Tuesday, April 29, 2014

The Growth of the For-profit Institution in Higher Education

There is a story in this data, but you can't see it yet.  You'll have to click your mouse to see it.

But let's start with what is there: Total enrollment in degree-granting, public and private not-for-profit colleges and universities in the US from 1995 to 2012.  What you see is mostly stability, if you assume the whole world of higher education is made up of these two sectors only: Some growth in each in the top chart (the population has grown, of course, over that time); a relatively stable distribution of private and public enrollments (where private colleges have always enrolled about 20% of the students); and percentage changes since 1995 that are virtually identical. (Hover over the line at any point to get the details).

Now, for the work: In the filter in the right, check the box labeled Private Not-for-profit, to add that population to the mix.  The blue line appears, and you begin to see its effect on the other two sectors: By 2012, the for-profit sector enrolled over 11% of all students.  Although the percent of total had fallen a bit by 2012, it still represented over 10% of all students enrolled.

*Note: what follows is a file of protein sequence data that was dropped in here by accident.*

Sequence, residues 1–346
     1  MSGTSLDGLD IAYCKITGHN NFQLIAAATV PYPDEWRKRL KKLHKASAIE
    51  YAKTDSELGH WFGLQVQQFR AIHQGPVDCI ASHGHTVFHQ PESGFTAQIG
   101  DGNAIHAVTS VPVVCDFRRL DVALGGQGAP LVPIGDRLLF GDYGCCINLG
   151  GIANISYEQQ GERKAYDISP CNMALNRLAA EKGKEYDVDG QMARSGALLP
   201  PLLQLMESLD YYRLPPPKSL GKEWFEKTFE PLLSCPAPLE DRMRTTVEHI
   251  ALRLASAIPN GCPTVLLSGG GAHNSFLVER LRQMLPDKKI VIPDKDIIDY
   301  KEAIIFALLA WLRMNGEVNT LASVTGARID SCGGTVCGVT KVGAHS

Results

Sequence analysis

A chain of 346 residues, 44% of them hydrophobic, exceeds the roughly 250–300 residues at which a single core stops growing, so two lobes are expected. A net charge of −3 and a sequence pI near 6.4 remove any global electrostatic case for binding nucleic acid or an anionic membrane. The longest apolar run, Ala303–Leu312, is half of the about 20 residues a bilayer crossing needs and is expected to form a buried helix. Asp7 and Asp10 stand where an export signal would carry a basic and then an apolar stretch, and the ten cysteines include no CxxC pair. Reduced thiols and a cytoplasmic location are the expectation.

What's more astonishing is the rate of growth: From 240,000 in 1995 to 1.8 million students in 2012, a 650% increase.

Before I publish the next chapter, what percentage of federal grant and loan aid do you think goes to these three types?